Billbhaiya's children

20th February 2004 at 00:00
A chance meeting in an art gallery was the start of an unlikely journey for supply teacher Will Randall that included teaching slum children in Pune and being handed a starring role in a Bollywood movie. 'Indian Summer' is a colourful account of his experience. Geraldine Brennan introduces an extract

Will Randall admits to a touch of artistic licence in Indian Summer, his account of teaching English in the slums of Pune. But while some of the twists in his extraordinary tale of teaching under pressure at home and abroad have been tweaked into place, others happened just as he tells it.

The story begins in spring 2001, when Mr Randall, on supply in a London secondary, is struggling with an unruly group on a gallery visit. The eccentric woman passer-by who helps him restore order turns out to be a wealthy retired teacher (stranger than fiction, but he promises it's true) who offers to pay his fare to India in return for help on the journey.

Mr Randall had just finished his first book, Solomon Time, about how he gave up teaching modern languages in the West Country to administer a trust in the South Pacific; a couple of terms of supply in and around London had left him ready for another gap year. "I'm in favour of gap years for everyone," he says, "but only if you don't do what everyone else would do."

In a cafe in Pune, a city about 100 miles south-east of Mumbai, he meets a student whose father, Charuvat, has set up an ashram (shelter) in the slum "village" of Tanjiwadi for 35 orphans and a malicious goat called Beckham. The enterprise is funded only by Charuvat's earnings as a roadsweeper and sporadic charitable donations. Mr Randall is recruited as a volunteer English teacher during the most turbulent year in the ashram's history; like most of Tanjiwadi, it was built illegally and the developers who own the land want to knock it down. To help raise money to buy the land, Mr Randall finds himself staging a programme of extracts from the Hindu epic The Ramayana (with the help of a children's English edition).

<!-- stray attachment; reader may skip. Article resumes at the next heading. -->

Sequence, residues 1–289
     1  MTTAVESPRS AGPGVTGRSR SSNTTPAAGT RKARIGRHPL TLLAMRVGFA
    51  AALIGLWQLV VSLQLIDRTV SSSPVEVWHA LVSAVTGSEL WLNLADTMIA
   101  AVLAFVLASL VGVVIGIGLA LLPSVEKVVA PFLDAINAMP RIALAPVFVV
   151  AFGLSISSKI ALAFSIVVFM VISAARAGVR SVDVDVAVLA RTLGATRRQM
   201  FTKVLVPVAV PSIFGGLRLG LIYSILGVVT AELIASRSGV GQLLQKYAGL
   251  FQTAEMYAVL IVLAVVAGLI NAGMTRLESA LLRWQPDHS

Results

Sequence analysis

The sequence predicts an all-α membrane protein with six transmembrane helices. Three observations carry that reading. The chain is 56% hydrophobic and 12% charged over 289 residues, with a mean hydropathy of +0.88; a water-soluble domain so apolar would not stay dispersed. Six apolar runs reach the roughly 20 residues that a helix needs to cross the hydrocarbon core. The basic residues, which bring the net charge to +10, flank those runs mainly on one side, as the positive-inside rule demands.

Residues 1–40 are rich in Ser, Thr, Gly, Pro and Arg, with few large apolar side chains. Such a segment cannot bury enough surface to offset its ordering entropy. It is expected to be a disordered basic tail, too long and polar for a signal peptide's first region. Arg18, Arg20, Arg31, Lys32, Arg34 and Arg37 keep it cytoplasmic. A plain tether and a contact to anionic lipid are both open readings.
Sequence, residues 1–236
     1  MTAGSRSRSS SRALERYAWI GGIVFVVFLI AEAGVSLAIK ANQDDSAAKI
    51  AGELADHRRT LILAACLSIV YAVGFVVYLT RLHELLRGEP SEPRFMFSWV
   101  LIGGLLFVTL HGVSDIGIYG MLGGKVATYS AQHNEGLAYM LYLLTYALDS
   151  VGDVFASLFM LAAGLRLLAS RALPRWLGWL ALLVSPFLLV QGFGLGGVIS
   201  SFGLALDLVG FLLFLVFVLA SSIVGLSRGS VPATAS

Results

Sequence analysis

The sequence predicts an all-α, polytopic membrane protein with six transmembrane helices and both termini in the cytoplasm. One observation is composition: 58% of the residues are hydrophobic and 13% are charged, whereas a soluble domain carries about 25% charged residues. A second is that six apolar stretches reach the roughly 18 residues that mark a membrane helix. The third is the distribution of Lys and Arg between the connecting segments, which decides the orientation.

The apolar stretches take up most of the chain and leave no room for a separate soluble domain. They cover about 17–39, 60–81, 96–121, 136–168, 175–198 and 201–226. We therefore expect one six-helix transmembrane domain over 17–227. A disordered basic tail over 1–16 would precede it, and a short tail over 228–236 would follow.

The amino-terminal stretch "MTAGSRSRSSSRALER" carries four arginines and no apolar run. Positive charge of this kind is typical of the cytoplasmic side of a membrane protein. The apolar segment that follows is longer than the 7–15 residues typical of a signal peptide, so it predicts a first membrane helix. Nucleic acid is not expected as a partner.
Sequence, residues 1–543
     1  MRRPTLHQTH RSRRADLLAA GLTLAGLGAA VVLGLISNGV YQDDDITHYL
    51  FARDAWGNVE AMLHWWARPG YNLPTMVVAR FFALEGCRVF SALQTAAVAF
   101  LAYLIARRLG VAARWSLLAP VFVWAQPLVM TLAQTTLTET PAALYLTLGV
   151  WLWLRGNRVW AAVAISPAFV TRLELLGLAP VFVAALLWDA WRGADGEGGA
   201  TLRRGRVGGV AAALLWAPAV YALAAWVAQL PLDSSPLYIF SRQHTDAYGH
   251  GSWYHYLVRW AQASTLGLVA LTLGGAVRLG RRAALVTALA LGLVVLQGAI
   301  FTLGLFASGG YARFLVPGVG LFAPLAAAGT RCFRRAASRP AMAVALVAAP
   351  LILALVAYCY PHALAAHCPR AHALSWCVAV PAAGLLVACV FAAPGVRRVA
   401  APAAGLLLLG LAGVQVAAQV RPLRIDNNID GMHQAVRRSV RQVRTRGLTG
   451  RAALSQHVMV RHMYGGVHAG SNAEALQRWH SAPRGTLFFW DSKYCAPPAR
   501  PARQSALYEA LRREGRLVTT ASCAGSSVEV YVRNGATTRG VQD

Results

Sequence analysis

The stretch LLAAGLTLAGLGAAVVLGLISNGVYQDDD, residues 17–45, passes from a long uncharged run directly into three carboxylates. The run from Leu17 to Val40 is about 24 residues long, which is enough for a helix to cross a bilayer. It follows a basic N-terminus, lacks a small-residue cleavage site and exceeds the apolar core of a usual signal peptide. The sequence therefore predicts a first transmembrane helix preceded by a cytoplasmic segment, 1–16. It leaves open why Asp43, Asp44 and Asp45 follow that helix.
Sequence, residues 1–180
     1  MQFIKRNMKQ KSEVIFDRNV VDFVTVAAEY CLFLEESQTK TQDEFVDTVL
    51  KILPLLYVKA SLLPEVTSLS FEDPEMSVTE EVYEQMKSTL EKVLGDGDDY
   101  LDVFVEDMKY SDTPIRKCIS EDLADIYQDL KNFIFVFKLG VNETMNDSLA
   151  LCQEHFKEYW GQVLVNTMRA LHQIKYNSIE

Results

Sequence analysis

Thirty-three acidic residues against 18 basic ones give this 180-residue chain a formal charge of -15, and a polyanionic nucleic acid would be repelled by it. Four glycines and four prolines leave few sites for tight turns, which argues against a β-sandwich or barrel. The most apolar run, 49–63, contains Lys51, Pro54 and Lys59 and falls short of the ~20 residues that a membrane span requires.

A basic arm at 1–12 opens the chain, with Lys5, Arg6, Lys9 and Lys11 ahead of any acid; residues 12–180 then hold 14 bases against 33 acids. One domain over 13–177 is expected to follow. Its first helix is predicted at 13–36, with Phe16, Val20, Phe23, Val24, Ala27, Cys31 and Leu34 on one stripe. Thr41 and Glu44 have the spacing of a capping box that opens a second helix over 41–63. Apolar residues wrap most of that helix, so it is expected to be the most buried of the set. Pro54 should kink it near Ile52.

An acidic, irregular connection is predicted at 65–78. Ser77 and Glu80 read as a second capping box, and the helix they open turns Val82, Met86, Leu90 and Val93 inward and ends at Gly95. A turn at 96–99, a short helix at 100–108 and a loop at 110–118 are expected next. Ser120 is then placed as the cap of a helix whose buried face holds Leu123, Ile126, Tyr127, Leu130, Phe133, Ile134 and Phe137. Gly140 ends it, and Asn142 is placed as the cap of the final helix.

He hasn't acted since primary school, but he meets an actress in his yoga class (he's comically bad at yoga, too) who introduces him to a Bollywood director. A cameo role as a British judge in a biopic of a hero of Indian independence (with the ashram children as extras) is followed by a romantic lead in An Ideal Wedding (catch it on the Asian satellite channel, Star TV). For that he has to wear full Sikh bridegroom regalia and ride a horse (another steep learning curve).

With his first film earnings, he takes the ashram children to a Test match in Mumbai. Among 25,000 cricket fans he finds Gary, a British-Asian set-builder from Birmingham, who happens to be visiting his grandmother in Pune. With Gary's help, and despite a last-minute crisis when the ashram's prohibitionist benefactors upset local residents by destroying their hooch still, the Tanjiwadi Ramayana is all right on the night and the land is secure.

There is tragedy amid the fairly constant comedy (one of the ashram's star pupils is injured by the developers' heavies, and a local boy dies in another incident), and Mr Randall is constantly aware of the sometimes overwhelming scale of the poverty around him and the narrow margin by which his pupils have survived. In the Solomon Islands, he felt ill-qualified for his job (helping islanders to set up a small business) but admired the simple and sustainable way of life. In Tanjiwadi, his confidence in the classroom cannot help him address the needs outside it.